JERUSALEM -- Isaac Herzog, a veteran politician and the scion of a prominent Israeli family, was elected president Tuesday, a largely ceremonial role that is meant to serve as the nation’s moral compass and promote unity.
Herzog is set to become Israel's 11th president after securing 87 votes in a secret ballot among the 120 members of the Knesset, or parliament. He will succeed Reuven Rivlin, who leaves office next month at the end of a seven-year term.
“I intend to be the president of everyone," Herzog said after the votes were tallied. "We must defend Israel’s international status and its good reputation in the family of nations, fight antisemitism and hatred of Israel, and preserve the pillars of our democracy. ”
He comes from a prominent Zionist family. His father, Chaim Herzog, was Israel’s ambassador to the United Nations before being elected president. His uncle, Abba Eban, was Israel’s first foreign minister and ambassador to the United Nations and United States. His grandfather was the country’s first chief rabbi.
Herzog defeated Miriam Peretz, 67, an educator who was seen as a down-to-earth outsider close to the country's dominant conservative and nationalist political camp.
The president is tasked with tapping a political party leader to form governing coalitions after parliamentary elections. Israel has held four national elections in the past two years amid a protracted political crisis.
Netanyahu's opponents faced a midnight deadline Wednesday to put together a new coalition government. If they fail, the country could be plunged into another election campaign.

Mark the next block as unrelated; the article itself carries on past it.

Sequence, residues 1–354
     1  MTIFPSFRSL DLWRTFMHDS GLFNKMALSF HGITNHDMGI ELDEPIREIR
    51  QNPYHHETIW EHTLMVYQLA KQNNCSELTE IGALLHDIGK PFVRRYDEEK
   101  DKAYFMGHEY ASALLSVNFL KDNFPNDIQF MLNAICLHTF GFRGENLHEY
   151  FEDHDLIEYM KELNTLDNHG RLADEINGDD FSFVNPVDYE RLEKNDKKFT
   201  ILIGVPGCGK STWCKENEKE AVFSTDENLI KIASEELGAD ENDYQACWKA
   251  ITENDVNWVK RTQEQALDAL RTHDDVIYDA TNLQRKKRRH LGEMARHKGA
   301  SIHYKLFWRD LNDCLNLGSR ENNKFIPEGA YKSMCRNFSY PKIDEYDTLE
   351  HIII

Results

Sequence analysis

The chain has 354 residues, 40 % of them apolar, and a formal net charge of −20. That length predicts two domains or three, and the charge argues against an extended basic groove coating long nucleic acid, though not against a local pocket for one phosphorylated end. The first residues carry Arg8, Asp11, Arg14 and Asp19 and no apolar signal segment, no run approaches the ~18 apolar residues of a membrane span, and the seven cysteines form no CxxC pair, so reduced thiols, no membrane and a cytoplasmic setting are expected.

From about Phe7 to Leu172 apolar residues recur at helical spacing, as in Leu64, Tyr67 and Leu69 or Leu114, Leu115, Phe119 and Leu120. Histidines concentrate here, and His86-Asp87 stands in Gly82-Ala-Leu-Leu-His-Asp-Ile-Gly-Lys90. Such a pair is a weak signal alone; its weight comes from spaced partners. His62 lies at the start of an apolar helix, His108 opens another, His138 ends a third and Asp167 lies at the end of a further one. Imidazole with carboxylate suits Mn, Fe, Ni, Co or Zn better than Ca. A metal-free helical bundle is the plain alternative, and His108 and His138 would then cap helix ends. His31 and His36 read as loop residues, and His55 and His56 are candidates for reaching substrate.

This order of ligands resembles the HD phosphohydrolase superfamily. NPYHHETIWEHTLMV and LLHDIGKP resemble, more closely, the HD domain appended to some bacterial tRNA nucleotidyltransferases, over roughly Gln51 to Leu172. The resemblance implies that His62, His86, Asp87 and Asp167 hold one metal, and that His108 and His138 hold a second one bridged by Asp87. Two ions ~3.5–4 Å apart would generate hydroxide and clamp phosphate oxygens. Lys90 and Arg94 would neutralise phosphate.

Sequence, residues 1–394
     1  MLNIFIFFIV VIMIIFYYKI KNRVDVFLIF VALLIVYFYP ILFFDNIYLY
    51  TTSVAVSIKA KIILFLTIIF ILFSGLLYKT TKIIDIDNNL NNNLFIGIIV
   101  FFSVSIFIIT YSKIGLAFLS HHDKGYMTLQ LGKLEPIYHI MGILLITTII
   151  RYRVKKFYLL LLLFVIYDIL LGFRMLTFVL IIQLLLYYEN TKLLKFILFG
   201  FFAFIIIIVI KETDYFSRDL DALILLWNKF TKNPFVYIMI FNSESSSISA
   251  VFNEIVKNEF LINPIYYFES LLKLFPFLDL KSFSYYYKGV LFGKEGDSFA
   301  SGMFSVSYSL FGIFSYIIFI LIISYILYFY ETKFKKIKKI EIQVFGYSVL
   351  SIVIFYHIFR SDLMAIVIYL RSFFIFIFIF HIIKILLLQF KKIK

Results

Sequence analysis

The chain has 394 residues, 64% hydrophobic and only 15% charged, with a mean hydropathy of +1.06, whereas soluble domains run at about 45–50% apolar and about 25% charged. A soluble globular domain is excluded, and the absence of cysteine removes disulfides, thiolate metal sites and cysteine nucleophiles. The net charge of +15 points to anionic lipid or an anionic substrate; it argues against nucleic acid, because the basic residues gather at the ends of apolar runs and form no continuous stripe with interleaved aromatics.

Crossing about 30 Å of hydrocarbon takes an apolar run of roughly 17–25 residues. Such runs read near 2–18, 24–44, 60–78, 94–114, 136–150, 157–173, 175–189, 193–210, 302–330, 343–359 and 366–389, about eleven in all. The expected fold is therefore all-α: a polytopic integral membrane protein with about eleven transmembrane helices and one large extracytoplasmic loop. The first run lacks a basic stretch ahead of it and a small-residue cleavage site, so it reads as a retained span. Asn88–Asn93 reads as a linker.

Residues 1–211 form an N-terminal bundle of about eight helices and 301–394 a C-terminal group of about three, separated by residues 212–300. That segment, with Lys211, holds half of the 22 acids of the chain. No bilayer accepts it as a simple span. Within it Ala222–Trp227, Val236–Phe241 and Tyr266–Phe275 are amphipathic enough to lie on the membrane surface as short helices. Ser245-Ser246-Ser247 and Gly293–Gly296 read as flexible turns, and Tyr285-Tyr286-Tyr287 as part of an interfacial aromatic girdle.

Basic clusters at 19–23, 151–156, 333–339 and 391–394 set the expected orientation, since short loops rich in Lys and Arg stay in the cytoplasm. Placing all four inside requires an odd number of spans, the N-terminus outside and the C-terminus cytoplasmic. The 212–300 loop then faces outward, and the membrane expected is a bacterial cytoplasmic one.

The president also has the power to grant pardons — creating a potentially sensitive situation as Netanyahu stands trial for a series of corruption charges.
“The title of ‘first citizen’ and the task of guarding the character of the state of Israel, particularly at this point in time, are heavy responsibilities,” Rivlin said in a statement congratulating his successor. “I have no doubt that you will bear them superbly.”
Peretz immigrated from Morocco as a child and has worked as a teacher, educator and lecturer on Judaism, Zionism and grief. Two of her sons died serving in the Israeli military. In 2018 she was awarded the Israel Prize, the country’s top award, for lifetime achievement.
She would have been the first woman and the first settler to hold the office.
She and her family lived in one of Israel’s settlements in the Sinai Peninsula until a peace treaty was struck with Egypt in 1979 and the territory was returned. Peretz then moved to the settlement of Givat Zeev, in the occupied West Bank just north of Jerusalem.
Most of the world considers Israel’s West Bank settlements illegal under international law and an obstacle to peace with the Palestinians, who seek the territory as part of a future state.
Associated Press writer Joseph Krauss contributed.